Srimad Bhagvata Mahapurana Book 1 Chapter 18:43-50

Book 1: Chapter 18

Srimad Bhagvata Mahapurana: Book 1: Chapter 18: Verses 43-50
The youthful sage Srngi utters an imprecation against king Pariksit

When Lord Visnu (who wields a discus in one of his hands), appearing under the name of 'king', is screened from our view, dear child, thieves will crop forth in large numbers and the world, which will be unprotected then, will perish like a flock of sheep in a moment. When the ruler is dead, thieves will rob the people of their property and the evil that befalls them in this way will now fall on our head (since we shall be held responsible for the ruler's death, the cause of all this anarchy and lawlessness), even though we have no direct connection with it; nay, when people take to robbery in large numbers, they belabour and abuse one another and snatch one another's cattle, womenfolk and wealth. In such conditions the noble religion of the people, which derives its authority from the Vedas and is characterized by a course of conduct laid down for the different grades of society and stages of life, disappears, thence follows a confusion of castes among men whose hearts are given up to wealth and sense-gratification, as among dogs and monkeys. Emperor Pariksit, moreover, is a monarch of wide renown and a defender of righteousness; nay, he is a great devotee of the Lord and a royal sage who has performed a number of horse-sacrifices. Again, he was overcome with hunger, thirst and fatigue and absolutely helpless; hence he did not deserve our curse. May the almighty- Lord, who is the Soul of the universe, forgive the wrong perpetrated by this child of immature understanding against His innocent servant. Even when reproached, deceived, abused, disregarded or struck by others, devotees of the Lord never return the wrong done by the wrong-doer, though capable of doing so." Thus grieved at the wrong done by his son, the great sage (Samika) did not even think of the offence committed by the king, who had treated him withdisrespect., Generally speaking, holy men in this world neither grieve nor rejoice when they are subjected to contrary experiences by others; for the soul is ever beyond the three Gunas.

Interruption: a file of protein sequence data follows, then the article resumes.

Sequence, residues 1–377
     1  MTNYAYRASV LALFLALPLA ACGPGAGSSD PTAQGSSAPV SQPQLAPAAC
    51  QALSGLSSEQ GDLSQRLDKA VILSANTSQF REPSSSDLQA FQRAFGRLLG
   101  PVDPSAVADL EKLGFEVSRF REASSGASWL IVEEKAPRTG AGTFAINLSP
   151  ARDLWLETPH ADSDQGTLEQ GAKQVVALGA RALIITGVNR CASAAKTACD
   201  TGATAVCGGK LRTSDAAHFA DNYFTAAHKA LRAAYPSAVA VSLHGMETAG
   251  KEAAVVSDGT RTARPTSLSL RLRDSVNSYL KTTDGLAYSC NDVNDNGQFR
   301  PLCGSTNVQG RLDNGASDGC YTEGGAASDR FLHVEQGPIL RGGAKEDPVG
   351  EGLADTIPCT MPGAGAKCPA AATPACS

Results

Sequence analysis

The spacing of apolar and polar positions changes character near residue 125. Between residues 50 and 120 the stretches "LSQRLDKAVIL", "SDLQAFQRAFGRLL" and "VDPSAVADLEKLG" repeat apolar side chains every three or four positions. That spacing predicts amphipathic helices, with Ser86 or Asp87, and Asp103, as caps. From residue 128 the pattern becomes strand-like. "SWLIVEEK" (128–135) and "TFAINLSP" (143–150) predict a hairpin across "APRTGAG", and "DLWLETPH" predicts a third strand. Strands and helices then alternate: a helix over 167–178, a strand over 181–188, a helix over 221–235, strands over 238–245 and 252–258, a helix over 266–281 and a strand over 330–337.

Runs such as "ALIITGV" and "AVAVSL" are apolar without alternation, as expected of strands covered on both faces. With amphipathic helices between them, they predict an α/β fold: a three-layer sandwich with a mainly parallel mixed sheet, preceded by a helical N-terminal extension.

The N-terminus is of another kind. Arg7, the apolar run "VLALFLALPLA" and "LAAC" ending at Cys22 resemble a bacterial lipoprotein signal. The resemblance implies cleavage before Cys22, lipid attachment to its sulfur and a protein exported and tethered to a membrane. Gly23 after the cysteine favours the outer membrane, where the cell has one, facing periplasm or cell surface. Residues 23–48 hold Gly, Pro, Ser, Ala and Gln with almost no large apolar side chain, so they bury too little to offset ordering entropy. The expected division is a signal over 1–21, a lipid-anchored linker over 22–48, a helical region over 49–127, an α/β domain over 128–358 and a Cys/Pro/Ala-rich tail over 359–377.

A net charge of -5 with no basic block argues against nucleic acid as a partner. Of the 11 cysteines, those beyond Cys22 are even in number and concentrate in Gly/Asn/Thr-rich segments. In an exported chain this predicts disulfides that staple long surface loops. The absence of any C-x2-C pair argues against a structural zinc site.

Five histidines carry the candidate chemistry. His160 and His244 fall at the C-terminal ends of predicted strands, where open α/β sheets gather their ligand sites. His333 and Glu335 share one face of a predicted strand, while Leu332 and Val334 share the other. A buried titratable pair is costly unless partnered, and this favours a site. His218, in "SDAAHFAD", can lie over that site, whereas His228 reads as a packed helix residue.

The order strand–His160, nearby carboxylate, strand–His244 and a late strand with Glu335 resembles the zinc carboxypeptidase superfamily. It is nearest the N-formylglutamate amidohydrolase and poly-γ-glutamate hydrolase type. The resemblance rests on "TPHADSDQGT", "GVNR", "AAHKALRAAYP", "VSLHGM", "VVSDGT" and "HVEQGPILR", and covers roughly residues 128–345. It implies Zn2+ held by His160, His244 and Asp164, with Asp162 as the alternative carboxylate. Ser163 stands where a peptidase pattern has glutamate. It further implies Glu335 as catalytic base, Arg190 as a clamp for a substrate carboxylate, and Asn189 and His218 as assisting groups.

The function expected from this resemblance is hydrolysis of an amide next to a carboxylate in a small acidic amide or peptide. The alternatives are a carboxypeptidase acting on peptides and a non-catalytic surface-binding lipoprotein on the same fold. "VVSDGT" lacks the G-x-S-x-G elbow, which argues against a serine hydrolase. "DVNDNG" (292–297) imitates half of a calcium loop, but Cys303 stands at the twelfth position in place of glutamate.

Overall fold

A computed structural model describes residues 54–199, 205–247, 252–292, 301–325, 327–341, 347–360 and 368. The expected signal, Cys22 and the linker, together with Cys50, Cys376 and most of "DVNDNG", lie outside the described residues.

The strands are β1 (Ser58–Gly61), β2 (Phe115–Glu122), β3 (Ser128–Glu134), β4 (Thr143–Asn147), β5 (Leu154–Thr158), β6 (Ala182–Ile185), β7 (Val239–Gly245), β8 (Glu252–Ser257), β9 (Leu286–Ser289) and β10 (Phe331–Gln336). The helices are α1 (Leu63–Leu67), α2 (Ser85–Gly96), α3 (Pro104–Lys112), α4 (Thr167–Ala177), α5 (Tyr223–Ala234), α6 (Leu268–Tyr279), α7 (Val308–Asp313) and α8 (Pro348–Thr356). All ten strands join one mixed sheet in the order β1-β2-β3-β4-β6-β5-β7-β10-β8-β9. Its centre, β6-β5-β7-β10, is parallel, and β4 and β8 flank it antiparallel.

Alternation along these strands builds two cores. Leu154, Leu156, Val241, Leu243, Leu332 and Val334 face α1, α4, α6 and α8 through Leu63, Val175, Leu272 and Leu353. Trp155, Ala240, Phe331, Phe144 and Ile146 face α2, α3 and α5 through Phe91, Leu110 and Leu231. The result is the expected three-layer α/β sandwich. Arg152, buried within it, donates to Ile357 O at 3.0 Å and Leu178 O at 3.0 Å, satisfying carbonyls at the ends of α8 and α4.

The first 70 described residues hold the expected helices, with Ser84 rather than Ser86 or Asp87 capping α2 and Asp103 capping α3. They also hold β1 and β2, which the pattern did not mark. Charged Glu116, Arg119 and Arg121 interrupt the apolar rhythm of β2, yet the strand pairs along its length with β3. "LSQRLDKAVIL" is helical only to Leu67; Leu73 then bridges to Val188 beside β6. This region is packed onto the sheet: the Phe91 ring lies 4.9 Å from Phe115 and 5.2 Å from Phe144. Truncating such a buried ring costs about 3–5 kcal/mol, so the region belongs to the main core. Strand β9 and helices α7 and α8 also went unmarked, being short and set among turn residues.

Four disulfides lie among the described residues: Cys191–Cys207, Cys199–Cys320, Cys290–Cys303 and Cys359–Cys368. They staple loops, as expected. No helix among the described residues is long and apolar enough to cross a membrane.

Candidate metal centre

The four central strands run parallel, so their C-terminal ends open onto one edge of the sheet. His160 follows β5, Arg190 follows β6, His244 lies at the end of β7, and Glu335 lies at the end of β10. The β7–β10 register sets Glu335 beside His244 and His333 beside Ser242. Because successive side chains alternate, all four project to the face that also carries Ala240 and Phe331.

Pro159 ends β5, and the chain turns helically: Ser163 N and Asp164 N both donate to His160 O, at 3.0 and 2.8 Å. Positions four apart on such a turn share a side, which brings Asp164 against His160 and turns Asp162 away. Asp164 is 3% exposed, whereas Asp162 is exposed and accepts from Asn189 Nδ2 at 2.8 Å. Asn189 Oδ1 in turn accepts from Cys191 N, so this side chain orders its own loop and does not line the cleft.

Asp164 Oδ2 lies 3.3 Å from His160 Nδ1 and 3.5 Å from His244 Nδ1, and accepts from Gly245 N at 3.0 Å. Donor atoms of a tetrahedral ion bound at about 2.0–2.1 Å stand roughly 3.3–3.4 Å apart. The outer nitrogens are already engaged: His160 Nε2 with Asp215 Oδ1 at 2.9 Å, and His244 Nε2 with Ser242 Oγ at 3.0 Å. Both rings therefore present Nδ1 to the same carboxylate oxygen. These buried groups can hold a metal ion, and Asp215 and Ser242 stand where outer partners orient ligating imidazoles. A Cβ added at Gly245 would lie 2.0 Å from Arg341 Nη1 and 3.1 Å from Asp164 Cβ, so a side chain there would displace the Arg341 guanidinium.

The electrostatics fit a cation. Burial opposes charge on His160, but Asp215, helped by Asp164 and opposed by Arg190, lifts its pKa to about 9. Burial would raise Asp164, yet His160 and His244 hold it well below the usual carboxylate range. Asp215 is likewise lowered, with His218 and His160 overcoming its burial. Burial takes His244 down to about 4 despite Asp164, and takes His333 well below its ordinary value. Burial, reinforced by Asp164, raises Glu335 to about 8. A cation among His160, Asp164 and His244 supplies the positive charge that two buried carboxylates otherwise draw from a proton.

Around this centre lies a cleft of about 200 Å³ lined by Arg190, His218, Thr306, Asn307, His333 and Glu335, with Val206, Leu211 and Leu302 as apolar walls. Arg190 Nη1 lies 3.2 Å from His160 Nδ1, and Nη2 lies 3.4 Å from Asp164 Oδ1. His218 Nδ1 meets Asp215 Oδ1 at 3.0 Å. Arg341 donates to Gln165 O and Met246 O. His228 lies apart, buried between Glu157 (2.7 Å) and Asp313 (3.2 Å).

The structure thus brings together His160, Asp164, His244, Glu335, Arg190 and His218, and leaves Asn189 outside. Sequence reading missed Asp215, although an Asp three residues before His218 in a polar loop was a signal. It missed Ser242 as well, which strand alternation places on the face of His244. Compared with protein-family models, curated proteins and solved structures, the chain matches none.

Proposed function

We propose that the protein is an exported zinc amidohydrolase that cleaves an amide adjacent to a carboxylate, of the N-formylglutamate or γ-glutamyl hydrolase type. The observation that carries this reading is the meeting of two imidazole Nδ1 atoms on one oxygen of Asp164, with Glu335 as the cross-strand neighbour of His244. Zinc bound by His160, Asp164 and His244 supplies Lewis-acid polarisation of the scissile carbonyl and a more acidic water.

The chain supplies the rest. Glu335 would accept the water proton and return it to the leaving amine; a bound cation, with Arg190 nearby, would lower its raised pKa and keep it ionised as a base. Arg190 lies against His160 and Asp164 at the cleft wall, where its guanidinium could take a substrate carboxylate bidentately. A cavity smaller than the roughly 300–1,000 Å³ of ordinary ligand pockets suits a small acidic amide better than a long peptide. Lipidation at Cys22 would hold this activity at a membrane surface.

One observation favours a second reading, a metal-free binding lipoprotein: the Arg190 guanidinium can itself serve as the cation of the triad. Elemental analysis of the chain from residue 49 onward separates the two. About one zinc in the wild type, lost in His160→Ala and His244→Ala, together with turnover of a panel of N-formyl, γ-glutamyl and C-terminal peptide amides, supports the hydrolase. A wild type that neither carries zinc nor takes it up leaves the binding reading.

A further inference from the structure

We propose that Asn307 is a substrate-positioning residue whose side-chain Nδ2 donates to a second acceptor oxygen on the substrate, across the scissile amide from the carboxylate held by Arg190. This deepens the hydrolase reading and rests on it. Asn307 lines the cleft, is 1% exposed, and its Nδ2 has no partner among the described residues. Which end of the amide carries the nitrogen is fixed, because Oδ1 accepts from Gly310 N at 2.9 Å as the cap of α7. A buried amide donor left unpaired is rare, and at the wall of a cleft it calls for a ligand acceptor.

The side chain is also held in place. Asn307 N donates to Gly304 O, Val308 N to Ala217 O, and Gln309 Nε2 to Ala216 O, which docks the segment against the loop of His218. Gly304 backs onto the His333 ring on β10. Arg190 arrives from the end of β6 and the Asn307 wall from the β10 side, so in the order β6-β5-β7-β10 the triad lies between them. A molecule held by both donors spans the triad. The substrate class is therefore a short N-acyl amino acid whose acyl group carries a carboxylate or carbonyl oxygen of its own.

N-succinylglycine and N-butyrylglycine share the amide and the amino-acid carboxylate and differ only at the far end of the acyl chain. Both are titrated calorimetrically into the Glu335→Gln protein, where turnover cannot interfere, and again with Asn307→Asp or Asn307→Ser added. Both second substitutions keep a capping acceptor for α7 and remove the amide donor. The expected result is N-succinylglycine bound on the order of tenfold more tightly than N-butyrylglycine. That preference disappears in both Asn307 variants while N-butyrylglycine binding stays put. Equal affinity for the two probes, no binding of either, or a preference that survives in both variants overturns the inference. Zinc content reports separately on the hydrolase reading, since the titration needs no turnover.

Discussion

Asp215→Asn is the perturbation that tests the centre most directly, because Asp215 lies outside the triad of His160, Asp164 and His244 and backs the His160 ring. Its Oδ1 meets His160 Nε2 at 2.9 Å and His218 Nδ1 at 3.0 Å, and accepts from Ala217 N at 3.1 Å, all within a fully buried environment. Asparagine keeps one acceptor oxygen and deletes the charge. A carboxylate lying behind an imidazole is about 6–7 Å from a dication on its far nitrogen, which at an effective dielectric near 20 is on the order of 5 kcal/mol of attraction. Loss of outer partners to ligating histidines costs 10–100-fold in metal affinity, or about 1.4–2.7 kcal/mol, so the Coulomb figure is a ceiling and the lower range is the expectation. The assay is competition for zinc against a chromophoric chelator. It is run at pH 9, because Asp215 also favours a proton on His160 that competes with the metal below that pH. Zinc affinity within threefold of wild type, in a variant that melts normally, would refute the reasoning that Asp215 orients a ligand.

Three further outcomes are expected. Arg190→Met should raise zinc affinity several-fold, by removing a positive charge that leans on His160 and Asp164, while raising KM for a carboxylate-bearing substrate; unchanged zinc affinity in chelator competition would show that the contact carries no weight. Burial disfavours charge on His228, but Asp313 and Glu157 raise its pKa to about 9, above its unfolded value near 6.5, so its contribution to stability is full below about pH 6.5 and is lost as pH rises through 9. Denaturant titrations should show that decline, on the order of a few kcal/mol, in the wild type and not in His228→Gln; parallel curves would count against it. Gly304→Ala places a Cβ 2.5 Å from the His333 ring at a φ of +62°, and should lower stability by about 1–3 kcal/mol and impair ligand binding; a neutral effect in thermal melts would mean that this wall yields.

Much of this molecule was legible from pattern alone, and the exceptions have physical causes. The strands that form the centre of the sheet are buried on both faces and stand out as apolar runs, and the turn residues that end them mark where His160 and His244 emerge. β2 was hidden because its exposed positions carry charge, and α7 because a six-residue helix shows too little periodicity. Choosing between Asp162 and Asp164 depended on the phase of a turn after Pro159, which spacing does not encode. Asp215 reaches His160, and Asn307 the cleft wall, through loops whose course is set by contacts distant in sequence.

Thus ends the eighteenth discourse entitled 'The Brahman's Curse", in Book One of the great and glorious Bhagavata-Purana otherwise known as the Paramahamsa-Samhita.


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